2021, the peak year for the IBOR transition process, is fast approaching. A major milestone has just been reached with ISDA’s publication of its IBOR Fallbacks Protocol for derivatives (links to the documents and resources ISDA has published are included at the end of this blog). But publication of the Protocol marks the start of a process, not the end of one. It is now time for banks to put in place an effective communications strategy to help ensure wide consideration of uptake, and to ensure that they are operationally ready to implement the fallback rates in their systems.
The Protocol is a crucial part of the transition away from IBORs in the derivatives market. The Protocol makes it possible for market participants to amend derivative contracts between adhering parties en masse, in order to incorporate references to the ‘fallback’ rates (such as SONIA and SOFR) that stand ready to take the place of IBORs. It is set to become effective on 25 January 2021, meaning that as and when various IBORs are discontinued from this date onwards, the fallbacks specified in ISDA’s documentation will automatically replace the discontinued rate within adhering contracts.
The beauty of the Protocol is that adherence is a matter of financial markets participants simply agreeing that the relevant contracts with other adherents be governed by its provisions. This removes the need for mass bilateral renegotiations (though some caution needs to be taken on the exact derivative products and currencies to which the Protocol applies, and bilateral negotiations may still be needed for some contracts). Firms become adherents by delivering an ‘Adherence Letter’ to ISDA, and can also submit Adherence Letters as agents on behalf of clients. A list of adherents is available online, with over 250 adherents already visible, including numerous global systemically important banks and their subsidiaries, and a number of central banks including the Bank of England.
The success of the Protocol as a mechanism to enable a smooth transition away from LIBOR depends on the levels of uptake in the market, and this makes the next few months of communication and client outreach critical. Sell-side firms will be keen for the widest possible uptake, but blanket buy-side participation is not a given, particularly when considering the varying degrees of awareness of transition and the Protocol that continues to exist in buy-side firms, across industries and jurisdictions. Notably, where adherence to the Protocol is not agreed, bilateral negotiations will be needed. Clarity of communication is therefore an absolute necessity in the coming months. Those firms that have done a good job to date in communicating with customers on IBOR transition might reasonably expect a smoother process of Protocol uptake. However, firms whose communications have been less successful thus far can expect more questions about the Protocol – what it is, how it works, what it entails for their contracts, and more.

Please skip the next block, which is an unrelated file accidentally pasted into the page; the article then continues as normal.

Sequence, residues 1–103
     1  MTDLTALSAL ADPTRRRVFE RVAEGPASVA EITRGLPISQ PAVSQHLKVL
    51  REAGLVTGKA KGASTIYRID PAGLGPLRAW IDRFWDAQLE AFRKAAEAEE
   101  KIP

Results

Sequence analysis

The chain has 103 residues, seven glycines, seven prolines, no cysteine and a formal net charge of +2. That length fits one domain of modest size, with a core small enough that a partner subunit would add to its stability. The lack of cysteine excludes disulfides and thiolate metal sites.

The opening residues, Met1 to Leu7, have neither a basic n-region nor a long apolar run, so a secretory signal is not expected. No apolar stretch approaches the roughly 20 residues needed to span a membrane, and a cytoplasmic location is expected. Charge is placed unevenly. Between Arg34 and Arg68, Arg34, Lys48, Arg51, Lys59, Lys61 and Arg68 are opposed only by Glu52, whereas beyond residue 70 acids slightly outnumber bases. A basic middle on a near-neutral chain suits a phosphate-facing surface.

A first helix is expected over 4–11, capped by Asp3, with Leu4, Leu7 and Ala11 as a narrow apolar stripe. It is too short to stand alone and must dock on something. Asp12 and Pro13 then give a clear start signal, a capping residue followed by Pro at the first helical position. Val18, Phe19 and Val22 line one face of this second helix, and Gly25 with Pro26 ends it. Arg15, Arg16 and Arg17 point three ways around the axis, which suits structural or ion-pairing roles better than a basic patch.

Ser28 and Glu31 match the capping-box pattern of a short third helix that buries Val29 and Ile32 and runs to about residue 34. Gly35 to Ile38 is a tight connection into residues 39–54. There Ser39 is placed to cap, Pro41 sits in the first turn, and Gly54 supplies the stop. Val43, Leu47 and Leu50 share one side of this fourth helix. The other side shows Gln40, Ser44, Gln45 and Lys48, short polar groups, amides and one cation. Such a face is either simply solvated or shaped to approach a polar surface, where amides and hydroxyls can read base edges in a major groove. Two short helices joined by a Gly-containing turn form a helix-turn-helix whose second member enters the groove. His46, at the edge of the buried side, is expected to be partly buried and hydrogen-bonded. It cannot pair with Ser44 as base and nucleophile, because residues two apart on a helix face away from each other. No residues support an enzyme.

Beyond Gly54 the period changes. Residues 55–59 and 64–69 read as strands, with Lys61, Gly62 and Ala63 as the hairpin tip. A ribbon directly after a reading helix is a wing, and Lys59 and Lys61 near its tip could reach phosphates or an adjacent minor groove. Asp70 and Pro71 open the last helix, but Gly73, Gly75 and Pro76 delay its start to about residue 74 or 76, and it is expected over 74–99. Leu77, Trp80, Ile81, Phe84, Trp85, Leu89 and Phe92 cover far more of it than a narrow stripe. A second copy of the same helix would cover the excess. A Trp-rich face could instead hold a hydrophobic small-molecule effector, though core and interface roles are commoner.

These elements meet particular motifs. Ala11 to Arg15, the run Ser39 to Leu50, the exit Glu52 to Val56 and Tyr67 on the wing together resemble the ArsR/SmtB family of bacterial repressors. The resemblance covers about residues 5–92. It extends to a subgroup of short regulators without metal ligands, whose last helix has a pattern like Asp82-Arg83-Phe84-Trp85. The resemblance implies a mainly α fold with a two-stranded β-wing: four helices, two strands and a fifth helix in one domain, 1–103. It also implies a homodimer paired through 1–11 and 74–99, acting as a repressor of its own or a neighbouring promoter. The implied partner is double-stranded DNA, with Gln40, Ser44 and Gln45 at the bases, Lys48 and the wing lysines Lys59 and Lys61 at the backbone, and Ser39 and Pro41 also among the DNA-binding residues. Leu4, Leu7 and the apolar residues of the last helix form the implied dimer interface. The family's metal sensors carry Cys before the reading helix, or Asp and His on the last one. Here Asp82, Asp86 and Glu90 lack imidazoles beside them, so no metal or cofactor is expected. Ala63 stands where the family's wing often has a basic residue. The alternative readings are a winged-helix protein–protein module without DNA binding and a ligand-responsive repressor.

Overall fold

Of course, with the Protocol becoming effective on 25 January 2021, industry does not need to have everything up and running as of tomorrow, but firms need to be ready to go in time. First and foremost, this means client‑facing staff being in a position to have the necessary customer conversations, as well as updating FAQs and other explanatory content for clients.
The challenges of widespread client communications notwithstanding, getting people to sign up is the relatively ‘easy’ part of the process. Beyond securing agreement from clients to become Protocol adherents, all market participants also need to be ready to implement the fallback rates in their systems, so that as and when given IBOR tenors and currencies are removed from the market the new rates are operational in systems and processes (for instance, from end-to-end in the booking model). Regardless of industry, all affected firms should at a minimum have their implementation journey mapped out so that they are confident in their ability to work with the fallbacks when needed next year, and buy-side firms and non-financial corporates in particular should not be reliant on the sell-side to make these aspects of the transition easier. As a next step, firms should familiarise themselves with the intended fallbacks, their calculation mechanisms, and understand how suited their technology and control environments are to handling these, planning remediation where needed.
It is also important to recognise that the ISDA protocol only covers the derivatives market, while the cash/debt market does not have an equivalent solution in place as yet. For derivatives hedging cash products, the use of the Protocol will need to be analysed as part of managing a smooth transition, managing basis risk and limiting value transfer, and there may still be a need for bilateral negotiations to address these issues.
2021 is set to be a big year, and there remains much to do to ensure that the IBOR transition takes place as intended. Obstacles remain, not least of which is corporate engagement with the process, as well as how the FCA will use its forthcoming powers to deal with ‘tough legacy’ products. But publication of the ISDA Protocol represents real progress, and has significant potential to accelerate and simplify the transition process. All market participants should now focus their attention on maximising this potential, and position themselves to navigate the transition smoothly.
Documents and resources published by ISDA:
- The supplement with amendments to 2006 ISDA definitions, setting out the various fallback rates for each IBOR
- The protocol to which counterparties would agree if wanting to adhere to the fallbacks
- An FAQ
- Template bilateral forms for counterparties to determine the manner in which the Protocol will apply to existing contracts, along with descriptions of these templates
- A video introduction to benchmark fallbacks